12 April 2017

Startups and Strawberry Rhubarb – Why Open Innovation is a Necessity for Big Business.

I see my friend Josh each year around the holidays. The thing about Josh is, he doesn’t like pie. Every November, we have the same conversation. He says, “It’s too sweet”, “It takes too long to make”, and even “I eat cookies for dessert all the time. Why change it up?” In my mind, Josh is crazy… seriously. Who doesn’t like pie?!

Right from the start, we can logically reject all of Josh’s excuses. Pie doesn’t have to be sweet. There are salty meat pies, umami pecan pies, and even tart rhubarb pies. Next, we admit that baking a pie takes longer than most desserts. First you have to pre-bake the bottom crust, then you make the filling. If you want a fancy pie, the top crust alone could take you an hour (we’re partial to the lattice design). While you might think Josh has bested us in our annual debate about pie, let us look to the bakers of the world. Why spend hours baking a pie when you can go to a literal pie expert?

To us, pie is like open innovation. The strategy itself is an open ended enterprise approach to advancement that leverages bakers… sorry… startups and their products. Large companies like GE and Coca Cola have a goal of selling their products and services, but have found that sponsoring large research and development programs can be inefficient. Rather than relying on the brains in house, they open up their innovation initiatives to the world, where startups – who are experts in their fields – provide the tools necessary to push them forward.

 “Powerful levers of competitiveness are [at work], and are actionable through new pathways of collaboration… Coopetition, a collaboration between competitors, [has become] a necessity in the race to innovation… Large companies need catalysts [and partners] in the form of innovative startups or academic partnerships to be an integrative part of their strategy.”

                          – Ronan Stephan, Scientific Director at Plastic Omnium

Startups are constantly coming up with new recipes, mixing new ingredients, and baking pies that larger companies can then purchase without the costly initial investment. Those startups went through years of perfecting their flour to baking sugar ratios, validating their recipes at bake offs and against their rival bakers, and doing all the dirty work that, at a larger scale, would cost larger companies significant energy and capital. By essentially outsourcing development, end users, managers and decision makers can remain experts in their products and services, while their open sourced army of thinkers help smooth out the problems that have already been identified.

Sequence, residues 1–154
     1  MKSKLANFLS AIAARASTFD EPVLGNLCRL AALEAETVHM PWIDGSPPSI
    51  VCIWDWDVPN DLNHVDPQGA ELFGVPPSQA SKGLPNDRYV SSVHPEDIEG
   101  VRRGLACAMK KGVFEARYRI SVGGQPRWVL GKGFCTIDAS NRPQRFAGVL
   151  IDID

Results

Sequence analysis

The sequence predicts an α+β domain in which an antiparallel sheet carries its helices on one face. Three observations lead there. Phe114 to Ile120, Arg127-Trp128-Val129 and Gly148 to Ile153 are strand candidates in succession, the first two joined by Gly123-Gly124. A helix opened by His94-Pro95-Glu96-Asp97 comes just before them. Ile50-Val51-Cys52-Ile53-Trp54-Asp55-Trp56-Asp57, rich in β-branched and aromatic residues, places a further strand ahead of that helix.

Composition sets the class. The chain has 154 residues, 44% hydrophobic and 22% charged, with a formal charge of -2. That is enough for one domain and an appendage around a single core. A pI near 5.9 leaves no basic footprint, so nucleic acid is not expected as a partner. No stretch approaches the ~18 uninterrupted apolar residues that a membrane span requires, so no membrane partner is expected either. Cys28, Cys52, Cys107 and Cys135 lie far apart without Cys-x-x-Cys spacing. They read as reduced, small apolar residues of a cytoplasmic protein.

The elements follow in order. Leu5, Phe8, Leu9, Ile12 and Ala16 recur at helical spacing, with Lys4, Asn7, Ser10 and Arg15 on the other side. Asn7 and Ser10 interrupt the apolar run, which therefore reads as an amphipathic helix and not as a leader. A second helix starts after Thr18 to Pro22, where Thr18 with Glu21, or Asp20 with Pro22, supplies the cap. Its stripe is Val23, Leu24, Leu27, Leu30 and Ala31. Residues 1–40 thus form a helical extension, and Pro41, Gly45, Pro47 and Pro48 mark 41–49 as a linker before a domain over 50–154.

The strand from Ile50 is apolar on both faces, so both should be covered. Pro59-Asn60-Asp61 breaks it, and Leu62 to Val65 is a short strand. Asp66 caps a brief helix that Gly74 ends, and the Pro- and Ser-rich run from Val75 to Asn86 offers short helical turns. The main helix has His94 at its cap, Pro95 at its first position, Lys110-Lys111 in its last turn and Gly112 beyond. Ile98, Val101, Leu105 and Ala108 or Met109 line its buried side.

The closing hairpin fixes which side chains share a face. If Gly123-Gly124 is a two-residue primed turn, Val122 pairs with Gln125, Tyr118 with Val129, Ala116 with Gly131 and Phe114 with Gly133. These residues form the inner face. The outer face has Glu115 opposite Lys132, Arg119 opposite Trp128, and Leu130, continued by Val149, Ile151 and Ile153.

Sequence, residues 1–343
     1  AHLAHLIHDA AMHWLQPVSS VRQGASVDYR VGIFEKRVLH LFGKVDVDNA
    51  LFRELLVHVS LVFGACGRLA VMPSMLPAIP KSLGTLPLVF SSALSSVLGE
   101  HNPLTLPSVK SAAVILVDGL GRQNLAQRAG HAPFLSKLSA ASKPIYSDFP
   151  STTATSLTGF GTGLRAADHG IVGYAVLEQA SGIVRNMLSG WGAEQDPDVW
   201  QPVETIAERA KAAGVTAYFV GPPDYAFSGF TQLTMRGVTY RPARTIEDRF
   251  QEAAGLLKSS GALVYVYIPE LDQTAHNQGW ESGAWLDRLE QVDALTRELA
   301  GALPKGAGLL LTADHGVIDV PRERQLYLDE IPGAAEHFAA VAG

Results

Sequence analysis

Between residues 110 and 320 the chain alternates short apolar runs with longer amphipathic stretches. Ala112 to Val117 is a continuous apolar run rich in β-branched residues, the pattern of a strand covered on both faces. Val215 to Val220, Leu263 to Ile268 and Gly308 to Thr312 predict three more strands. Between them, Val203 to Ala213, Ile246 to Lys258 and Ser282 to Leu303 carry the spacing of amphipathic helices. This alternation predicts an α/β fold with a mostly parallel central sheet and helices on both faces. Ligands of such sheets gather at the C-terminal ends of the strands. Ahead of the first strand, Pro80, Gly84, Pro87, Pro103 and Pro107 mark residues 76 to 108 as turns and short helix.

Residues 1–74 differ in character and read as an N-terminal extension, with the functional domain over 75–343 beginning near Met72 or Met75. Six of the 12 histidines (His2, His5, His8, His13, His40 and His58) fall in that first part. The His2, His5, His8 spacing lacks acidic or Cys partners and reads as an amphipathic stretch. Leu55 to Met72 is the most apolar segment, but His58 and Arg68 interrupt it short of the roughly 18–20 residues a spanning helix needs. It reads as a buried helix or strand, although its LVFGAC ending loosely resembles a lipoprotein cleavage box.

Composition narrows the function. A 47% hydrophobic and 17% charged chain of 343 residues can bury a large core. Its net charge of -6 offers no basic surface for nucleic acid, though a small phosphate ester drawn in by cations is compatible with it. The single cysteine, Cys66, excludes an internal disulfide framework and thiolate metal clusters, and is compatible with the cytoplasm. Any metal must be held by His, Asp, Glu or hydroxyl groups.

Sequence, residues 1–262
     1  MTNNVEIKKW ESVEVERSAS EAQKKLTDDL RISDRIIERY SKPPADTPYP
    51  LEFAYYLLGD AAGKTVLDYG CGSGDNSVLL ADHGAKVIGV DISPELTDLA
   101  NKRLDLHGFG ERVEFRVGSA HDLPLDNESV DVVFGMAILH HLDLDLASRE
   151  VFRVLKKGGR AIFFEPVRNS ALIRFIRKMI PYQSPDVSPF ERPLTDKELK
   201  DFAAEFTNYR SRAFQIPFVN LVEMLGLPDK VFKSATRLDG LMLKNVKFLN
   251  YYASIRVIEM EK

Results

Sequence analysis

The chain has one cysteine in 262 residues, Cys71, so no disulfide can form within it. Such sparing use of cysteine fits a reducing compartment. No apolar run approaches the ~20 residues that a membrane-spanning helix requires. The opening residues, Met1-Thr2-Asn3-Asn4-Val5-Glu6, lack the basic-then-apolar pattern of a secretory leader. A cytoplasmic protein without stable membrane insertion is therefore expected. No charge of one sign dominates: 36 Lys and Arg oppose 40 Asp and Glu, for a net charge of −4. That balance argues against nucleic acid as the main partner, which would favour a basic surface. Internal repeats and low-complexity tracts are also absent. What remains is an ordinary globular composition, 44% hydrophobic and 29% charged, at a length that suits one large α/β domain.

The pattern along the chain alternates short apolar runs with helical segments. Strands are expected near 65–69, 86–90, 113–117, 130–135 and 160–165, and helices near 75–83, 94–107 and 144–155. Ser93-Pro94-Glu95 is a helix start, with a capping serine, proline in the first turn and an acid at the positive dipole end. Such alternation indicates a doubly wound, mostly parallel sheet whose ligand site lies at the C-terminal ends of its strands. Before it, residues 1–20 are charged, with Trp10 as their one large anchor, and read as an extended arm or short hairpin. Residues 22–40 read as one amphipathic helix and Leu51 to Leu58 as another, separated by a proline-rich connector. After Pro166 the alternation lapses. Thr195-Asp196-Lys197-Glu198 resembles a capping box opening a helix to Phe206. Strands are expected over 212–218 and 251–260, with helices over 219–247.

If I gathered thirty of my friends and we started listing pie flavors, I doubt we’d make a dent in the number of possibilities that exist. Using the experience and expertise of the world to solve problems that would otherwise be tackled by a small team isn’t just cost effective – it makes plain sense. R&D teams usually are too close to the problems they work to solve. This fogs up the optimal open brainstorm that devalues the entire process. By utilizing people who are unburdened by expectations and other organizational constraints, solutions become simpler, more streamlined, and so are able to be tailored to enterprise specific issues.

Startups

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